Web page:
There are things disappearing from our lives. Over the last thirteen years they’ve moved in and made themselves at home. Now some are MIA. Gone. They were there, I blinked, they were only a memory.
Pieces of my boys’ childhood are fading and then are gone entirely. Can things change so much in one year? Apparently, yes they can.
Our backyard is empty for the first time in a very long time. We sold the swing set. It really wasn’t used for swinging. Instead it had become an apparatus for boys-who-think they-are-invincible-and-can’t-get-hurt tricks. Before someone broke their neck, the swing set needed to go.
I can’t say I’m sorry. Not just because of the injury factor, either. We bought it a couple of months after moving here to replace the one we’d left behind at our old house, in another city. I never really liked it. Neither did my youngest son. We both still mourned what we’d left behind and the new swing set only served as a reminder of loss. The fun had on that old swing set. Watching my boy out the kitchen window, swinging fast and high, lost in a world of make-believe. The large yard and the big maple tree that sheltered the swing set and sand box like a big hug, keeping the hot rays of the sun off the kids. I don’t think my son or I will ever get over losing that.
For me, I feel guilty about taking that away from him, way too soon. I know I should get over it but…
So I can’t say I was sorry to see the swing set go. I was happy that a little family was taking it and it is going to be enjoyed so much now.
As my husband and I stood, looking at the empty space in the yard, we thought about the possibilities of what could be. The empty space was rather freeing, I thought. Always a gardener, my husband had a few ideas. I’ll let him go to it.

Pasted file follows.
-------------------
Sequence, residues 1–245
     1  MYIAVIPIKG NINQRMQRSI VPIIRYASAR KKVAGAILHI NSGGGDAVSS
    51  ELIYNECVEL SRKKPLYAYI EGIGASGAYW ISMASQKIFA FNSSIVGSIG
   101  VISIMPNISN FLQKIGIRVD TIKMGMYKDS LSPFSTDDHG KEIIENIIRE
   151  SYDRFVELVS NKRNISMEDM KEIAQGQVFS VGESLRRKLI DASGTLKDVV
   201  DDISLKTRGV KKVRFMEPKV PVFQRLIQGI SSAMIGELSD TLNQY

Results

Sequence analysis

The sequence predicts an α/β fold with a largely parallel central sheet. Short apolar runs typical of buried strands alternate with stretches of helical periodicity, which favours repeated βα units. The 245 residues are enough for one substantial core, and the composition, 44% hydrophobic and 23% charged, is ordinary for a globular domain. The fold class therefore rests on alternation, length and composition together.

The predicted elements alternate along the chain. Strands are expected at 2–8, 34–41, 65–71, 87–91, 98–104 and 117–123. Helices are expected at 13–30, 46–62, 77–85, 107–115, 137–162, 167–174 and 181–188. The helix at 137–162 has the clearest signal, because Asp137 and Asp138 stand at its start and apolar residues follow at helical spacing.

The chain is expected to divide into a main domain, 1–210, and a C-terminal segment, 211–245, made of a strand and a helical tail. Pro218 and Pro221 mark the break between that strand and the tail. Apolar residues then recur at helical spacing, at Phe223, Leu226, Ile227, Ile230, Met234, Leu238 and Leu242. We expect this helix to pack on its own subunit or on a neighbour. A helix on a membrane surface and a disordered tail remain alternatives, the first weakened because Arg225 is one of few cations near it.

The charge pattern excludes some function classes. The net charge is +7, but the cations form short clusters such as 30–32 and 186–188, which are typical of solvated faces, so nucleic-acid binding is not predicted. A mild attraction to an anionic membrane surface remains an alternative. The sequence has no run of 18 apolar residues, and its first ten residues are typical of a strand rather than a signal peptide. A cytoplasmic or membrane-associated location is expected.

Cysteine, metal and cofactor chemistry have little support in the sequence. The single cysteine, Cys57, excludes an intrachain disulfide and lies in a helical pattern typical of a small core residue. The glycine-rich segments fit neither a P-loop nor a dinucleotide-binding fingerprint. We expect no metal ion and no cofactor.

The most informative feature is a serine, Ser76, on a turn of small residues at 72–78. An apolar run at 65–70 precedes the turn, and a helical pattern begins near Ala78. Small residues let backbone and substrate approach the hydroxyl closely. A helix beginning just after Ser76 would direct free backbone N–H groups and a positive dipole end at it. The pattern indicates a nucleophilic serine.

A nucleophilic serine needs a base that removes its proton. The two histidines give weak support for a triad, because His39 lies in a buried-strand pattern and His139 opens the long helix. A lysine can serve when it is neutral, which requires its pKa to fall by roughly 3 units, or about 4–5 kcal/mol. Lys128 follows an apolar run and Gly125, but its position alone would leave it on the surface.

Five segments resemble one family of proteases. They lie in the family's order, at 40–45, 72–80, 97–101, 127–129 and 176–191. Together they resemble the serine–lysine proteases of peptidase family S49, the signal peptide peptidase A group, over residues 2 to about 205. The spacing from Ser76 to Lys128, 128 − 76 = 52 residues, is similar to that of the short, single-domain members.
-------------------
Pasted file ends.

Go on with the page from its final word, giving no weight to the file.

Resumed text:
Although the swing was a reminder of things left behind in another time and space, perhaps the empty space is a way of making room for something new. I thought I could replace the old swing set with a new one but I couldn’t. My son just never adjusted. He didn’t play on it like he did the one in Windsor. It wasn’t the same nor should it have been. Some things are just too priceless to be replaced.
So four years later, perhaps it’s time to let it go and make room for something new. TURN to the possibilities of new dreams, ideas and fun.
Life is like that too, don’t you think? Sometimes we need to let go of the old for the new. TURN to new dreams, people, ideas and experiences. Dare to let go of the old even though they were once and may still be, precious. Mourn them, yes, but realize they had their time but now it’s time to TURN and move on. (Move on not replace.)
Making room for whatever new thing God has for us. Opening ourselves; our minds and hearts to something new, different and most likely out of our comfort zones. If things stay the same, they get stagnant. We get stagnant. Stiff. Joints rust.
I’m starting to realize that God sends new relationships, opportunities, jobs, dreams, trials to keep us fresh and alive. To keep us in tune with Him. There’s nothing like something new to get our adrenaline pumping and our senses alert. Change, it’s what I’m really talking about, but there’s something about that word I hate, so we’ll keep going with new, is not necessarily bad. We need to keep that in mind.
Maybe you like change. More power to you I say! But for those of us who struggle with it, maybe a little free space where something used to be, can be a reminder that new can be freeing. New can be life-giving, if we give it a chance.
Eternal One: Don’t revel only in the past,
or spend all your time recounting the victories of days gone by.
Watch closely: I am preparing something new; it’s happening now, even as I speak,
and you’re about to see it. I am preparing a way through the desert;
Waters will flow where there had been none.
Wild animals in the fields will honor Me;
the wild dogs and surly birds will join in.
There will be water enough for My chosen people,
trickling springs and clear streams running through the desert.
Isaiah 43:18-20 The Voice